- Between the Orient and the Ghetto:A Modern Immigrant Woman in Anzia Yezierska's Salome of the Tenements
Anzia Yezierska's first novel, Salome of the Tenements (1923), is one of the earliest attempts to situate the representation of a female Jewish immigrant within the larger context of American modernity. As such, the text is riddled by contradictions as the author strives to combine a female immigrant rags-to-riches story with a narrative of female empowerment. Yezierska's introductory portrayal of urban immigrant femininity caters to the established expectations of an American audience: it offers familiar sketches of the hardships of ghetto living and reinforces immigrant desire for social visibility and economic stability. Yet, Yezierska's ghetto girl is also a driven and aggressive achiever and compulsive consumer, aware of her sexuality and increasingly skeptical of the female American Dream: of matrimony as a vehicle for women's upward social mobility. I argue here that Yezierska's characterization of Sonya Vrunsky in Salome of the Tenements redefines the ghetto girl as bold, ambitious, and goal oriented and as such participates in the larger efforts of American feminists to redefine the New American Woman as independent, active, strong willed, and sexually assertive. Yezierska establishes a link between an empowered immigrant woman and a liberated New American Woman through her employment of rich yet contradictory Oriental imagery, and in particular through her use of the Salome myth.
Yezierska's use of the images of Salome and the Orient serves several purposes in Salome of the Tenements. The numerous references to the biblical story of Salome establish the Semitic background of Yezierska's main character and the polarized world of modern America, in this case between a Jewish immigrant woman and an Anglo-Saxon American male. The identification of Yezierska's Sonya Vrunsky with Salome, the pivotal figure of European modernist art and the fin-de-siècle Decadent movement, aligns Yezierska's immigrant narrative with modernist literary and artistic output as well as empowers the immigrant heroine, hungry for cultural sophistication, social advancement, economic power, and sexual freedom. Furthermore, Yezierska's choice of images [End Page 136] of Oriental otherness and of the heroine's free "dance" of social mobility participates actively in the American social and cultural scene of the time. It reflects the visual fascination of early Hollywood with the Orient, responds to the shocking emergence of modern dance in America, and supports efforts of American feminists to resort to the Oriental topology as a new geography of women's newly found liberties: economic, political, artistic, and sexual.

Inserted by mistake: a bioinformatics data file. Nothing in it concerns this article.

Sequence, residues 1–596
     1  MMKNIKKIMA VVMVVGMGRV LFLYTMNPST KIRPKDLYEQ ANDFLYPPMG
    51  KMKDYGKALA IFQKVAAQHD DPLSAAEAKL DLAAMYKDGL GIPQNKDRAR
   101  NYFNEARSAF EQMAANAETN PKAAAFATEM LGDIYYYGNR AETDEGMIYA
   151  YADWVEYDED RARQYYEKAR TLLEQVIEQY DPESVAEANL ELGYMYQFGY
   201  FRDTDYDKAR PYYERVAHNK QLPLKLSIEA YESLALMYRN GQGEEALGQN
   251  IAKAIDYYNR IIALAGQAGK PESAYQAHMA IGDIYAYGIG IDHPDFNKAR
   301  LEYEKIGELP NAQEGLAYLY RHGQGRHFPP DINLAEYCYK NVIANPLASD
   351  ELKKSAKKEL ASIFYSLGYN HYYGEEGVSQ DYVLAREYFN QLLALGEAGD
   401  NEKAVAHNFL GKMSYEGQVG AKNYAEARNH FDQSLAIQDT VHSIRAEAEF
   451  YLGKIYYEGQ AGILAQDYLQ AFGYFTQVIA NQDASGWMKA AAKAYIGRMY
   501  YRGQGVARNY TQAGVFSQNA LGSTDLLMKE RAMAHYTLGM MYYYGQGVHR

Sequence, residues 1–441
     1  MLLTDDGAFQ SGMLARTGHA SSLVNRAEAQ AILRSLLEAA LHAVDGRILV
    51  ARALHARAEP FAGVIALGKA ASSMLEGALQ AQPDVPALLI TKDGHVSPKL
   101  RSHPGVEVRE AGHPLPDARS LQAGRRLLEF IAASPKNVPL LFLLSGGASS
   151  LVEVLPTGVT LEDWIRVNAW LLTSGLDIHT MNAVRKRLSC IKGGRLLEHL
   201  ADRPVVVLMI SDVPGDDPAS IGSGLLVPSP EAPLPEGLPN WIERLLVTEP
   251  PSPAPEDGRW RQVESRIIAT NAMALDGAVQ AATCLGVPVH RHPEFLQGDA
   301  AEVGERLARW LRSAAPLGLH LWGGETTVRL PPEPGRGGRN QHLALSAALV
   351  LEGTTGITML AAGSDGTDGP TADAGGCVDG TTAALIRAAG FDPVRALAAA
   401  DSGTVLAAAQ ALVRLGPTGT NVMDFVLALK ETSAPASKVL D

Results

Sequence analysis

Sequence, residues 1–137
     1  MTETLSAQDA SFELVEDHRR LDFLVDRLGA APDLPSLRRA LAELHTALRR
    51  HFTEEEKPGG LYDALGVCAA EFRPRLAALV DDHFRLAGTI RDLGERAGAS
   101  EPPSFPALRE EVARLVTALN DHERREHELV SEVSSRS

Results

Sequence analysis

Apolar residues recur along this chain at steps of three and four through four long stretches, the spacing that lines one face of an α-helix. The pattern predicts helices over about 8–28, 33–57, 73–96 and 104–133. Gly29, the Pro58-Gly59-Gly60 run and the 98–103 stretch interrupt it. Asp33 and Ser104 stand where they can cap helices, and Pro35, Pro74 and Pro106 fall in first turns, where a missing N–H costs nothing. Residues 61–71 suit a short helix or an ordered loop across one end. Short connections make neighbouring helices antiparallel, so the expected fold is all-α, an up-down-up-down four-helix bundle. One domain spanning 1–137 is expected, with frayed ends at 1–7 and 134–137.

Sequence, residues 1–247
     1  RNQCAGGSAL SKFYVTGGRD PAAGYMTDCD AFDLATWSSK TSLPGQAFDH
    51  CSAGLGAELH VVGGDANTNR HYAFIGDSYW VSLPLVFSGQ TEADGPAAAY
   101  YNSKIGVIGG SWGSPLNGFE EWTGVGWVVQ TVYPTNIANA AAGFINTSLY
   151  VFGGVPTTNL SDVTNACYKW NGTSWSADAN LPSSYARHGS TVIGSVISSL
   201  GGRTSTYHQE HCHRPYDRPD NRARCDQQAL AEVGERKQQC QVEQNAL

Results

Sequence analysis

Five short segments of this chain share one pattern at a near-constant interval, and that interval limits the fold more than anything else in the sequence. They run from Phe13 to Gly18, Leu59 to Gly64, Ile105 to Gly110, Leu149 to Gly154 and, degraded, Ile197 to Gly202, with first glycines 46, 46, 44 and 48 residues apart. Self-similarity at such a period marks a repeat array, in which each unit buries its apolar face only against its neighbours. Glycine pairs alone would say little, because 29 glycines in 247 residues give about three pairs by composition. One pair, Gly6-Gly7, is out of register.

Yezierska's invocation of the Orient in her representation of a Jewish immigrant woman is a strategy to empower her heroine as well as to situate her within the larger context of modernity, American pop culture, and emerging feminism. Yet, the seductiveness of the Oriental imagery complicates Yezierska's efforts, as the same imagery is used, as Edward Said has argued, to disempower, distanciate, and dismiss the other on the grounds of its excessive and destabilizing, albeit charming and exoticized, difference. It does not surprise, then, that burdened with complex imagery and contradictory meanings, the immigrant heroine in Yezierska's text becomes a contested site in which biology and artifice, radicalism and conservatism, submissiveness and aggression, images of a noble savage woman and a stylized, decadent seductress, intersect. The Jewish immigrant woman in Salome of the Tenements emerges simultaneously as a pristine, self-sacrificial, exoticized pre-modern ingénue and a scheming, dishonest, and corrupt woman, whose sexuality threatens to destabilize the power structure of gender relations in turn-of-the-century America. The unsettling inconsistency in Yezierska's character is a powerful comment on the contradictory existence of the Jewish immigrant woman in modern America, on the jarring contrasts between immigrant ghettos and urban America, and on larger social imperatives to identify, contain, and situate the redefined roles of a modern American woman.
The Case of Anzia Yezierska
As an immigrant writer with a proto-feminist orientation, Anzia Yezierska and her work are currently experiencing a revival of interest among feminist scholars and audiences. Her unconventional lifestyle—she abandoned her husband and daughter, insisted on a "room...